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Bacteriology Review

Bacteriology Review

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Published by: yachiru121 on May 22, 2012
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 www.brain101.info
1
BACTERIOLOGYLABORATORY REPORTS / TECHNIQUESASEPTIC TECHNIQUE:
In handling bacteria specimens, do everything possible to assure that extraneous bacteria
 from you
do notcontaminate the specimen. This is
not 
sterile technique.Preparation and Staining:
 
Heat Fixing:
After air drying a slide, applying gentle heat helps the bacteria to adhere to the slide.
 
Simple Stain (Methylene Blue):
Stains all cells and can illuminate morphology.
 
GRAM STAIN:
o
 
PRIMARY STAIN:
Crystal Violet
stains both Gram+ and Gram- and makes all bacterial cells appear purple.
 
Both Gram+ and Gram- will stain with this dye.
o
 
CHELATING AGENT: Add
Gram's Iodine
which will adhere only to cell walls that have a lot of peptidoglycan inthem (i.e. Gram+)
o
 
DECOLORIZATION:
Add
Acetone
very briefly to wash away the Crystal Violet dye.
 
Gram-: The purple dye will be washed away.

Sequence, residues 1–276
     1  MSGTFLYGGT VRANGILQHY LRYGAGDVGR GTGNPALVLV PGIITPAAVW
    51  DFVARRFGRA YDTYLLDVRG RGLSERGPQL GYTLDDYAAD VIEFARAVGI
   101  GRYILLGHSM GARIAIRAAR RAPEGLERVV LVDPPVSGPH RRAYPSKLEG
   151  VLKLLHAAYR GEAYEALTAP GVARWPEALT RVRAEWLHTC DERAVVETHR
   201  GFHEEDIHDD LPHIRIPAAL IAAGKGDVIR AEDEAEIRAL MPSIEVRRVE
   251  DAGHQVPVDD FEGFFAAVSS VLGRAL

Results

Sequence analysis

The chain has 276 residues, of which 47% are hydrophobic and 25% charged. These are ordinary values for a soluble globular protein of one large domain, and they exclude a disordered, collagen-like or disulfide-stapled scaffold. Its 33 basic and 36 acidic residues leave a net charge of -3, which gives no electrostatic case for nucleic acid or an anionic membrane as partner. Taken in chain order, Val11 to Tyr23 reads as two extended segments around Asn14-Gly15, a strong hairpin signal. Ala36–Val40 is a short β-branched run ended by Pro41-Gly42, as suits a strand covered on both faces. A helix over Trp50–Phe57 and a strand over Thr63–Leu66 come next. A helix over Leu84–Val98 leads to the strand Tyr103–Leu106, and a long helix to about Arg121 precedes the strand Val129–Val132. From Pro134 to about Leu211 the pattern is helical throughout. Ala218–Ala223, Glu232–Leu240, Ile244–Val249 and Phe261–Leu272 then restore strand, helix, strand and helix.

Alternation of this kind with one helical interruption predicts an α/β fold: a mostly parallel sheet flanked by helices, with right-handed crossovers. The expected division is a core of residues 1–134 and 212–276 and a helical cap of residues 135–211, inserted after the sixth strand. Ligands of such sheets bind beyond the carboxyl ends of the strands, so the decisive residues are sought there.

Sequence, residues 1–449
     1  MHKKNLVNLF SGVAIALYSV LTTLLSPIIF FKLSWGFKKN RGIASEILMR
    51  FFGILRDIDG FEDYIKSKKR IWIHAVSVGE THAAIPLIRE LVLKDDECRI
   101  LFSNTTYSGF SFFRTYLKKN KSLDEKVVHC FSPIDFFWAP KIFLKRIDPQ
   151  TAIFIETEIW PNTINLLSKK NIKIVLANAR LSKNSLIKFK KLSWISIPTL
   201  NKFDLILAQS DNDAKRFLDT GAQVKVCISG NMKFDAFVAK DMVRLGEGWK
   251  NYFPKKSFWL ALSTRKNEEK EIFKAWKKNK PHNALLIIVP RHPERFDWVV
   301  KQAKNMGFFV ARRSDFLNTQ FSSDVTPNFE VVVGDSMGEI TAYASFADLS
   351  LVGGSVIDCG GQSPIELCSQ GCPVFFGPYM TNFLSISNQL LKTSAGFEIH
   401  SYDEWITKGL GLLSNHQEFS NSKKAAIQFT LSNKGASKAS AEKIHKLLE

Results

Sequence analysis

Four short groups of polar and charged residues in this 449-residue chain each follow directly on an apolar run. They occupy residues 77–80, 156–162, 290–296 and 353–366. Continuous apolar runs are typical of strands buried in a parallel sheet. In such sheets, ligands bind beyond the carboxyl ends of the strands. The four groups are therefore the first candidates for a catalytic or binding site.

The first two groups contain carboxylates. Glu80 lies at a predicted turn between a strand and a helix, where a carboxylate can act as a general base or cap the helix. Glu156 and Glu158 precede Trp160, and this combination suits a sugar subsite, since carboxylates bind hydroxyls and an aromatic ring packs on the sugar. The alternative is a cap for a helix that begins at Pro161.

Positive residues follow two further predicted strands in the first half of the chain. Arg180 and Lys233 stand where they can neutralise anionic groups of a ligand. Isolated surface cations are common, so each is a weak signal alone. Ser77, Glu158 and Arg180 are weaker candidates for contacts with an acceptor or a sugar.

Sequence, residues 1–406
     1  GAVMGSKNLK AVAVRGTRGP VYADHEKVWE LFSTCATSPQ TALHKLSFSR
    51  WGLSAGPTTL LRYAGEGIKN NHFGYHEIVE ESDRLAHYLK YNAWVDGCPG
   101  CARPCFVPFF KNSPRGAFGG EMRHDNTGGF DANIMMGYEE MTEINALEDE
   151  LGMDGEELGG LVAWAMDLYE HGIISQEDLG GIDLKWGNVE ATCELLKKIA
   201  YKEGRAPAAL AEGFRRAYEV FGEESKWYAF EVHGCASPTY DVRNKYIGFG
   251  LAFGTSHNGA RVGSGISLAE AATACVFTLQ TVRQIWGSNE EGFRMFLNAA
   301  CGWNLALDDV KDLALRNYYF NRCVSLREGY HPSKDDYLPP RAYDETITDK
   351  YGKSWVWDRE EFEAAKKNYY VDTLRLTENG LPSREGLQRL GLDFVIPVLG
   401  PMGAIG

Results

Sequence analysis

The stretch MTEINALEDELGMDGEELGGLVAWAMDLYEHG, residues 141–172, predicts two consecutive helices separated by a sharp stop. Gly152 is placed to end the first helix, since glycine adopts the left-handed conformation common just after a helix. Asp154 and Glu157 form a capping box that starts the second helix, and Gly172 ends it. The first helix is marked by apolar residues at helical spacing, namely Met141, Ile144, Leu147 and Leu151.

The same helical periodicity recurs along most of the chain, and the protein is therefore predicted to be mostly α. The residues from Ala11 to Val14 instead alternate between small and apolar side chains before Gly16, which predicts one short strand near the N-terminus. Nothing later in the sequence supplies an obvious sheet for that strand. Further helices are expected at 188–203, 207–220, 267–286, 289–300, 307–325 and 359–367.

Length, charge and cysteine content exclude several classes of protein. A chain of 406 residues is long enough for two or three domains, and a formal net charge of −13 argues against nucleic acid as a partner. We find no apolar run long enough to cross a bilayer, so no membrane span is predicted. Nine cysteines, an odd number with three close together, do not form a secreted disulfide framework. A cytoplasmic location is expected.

Gram+: The purple dye will remain adherent.
o
 
COUNTERSTAIN: Then add
Safranin
which will stain cells pink.
 
GRAM-POSITIVE:
Will appear 
purple
(from
Crystal Violet
) -- Safranin doesn't stain it.
 
GRAM-NEGATIVE:
Will appear 
pink 
, as it takes up the
Safranin
.
o
 
FALSE GRAM-NEGATIVES:
 
 Dead Gram+ cells will appear as though they are Gram-
. In antibiotic-treatedspecimens, a certain portion of such cells is expected.
 
ACID-FAST STAIN:
Stains Mycobacteria such as
 Mycobacterium Tuberculosis
.
o
 
LIPID cell wall gives them the property of 
weak initial staining 
, plus
 strong retention of initial dye
(like Gram+)once stained.
o
 
PROCESS:
 
Carbol-Fuscin
dye is used initially, with heat, for 20 to 30 minutes (long time)
 
Acid-Alcohol
is then used as a decolorizing agent.
 
If the organism resist the decolorization, it is considered acid-fast.
 
FLUORESCENT STAIN:
o
 
It has the advantage that you can scan at low power until you find something that fluoresces, then you can hone inon it.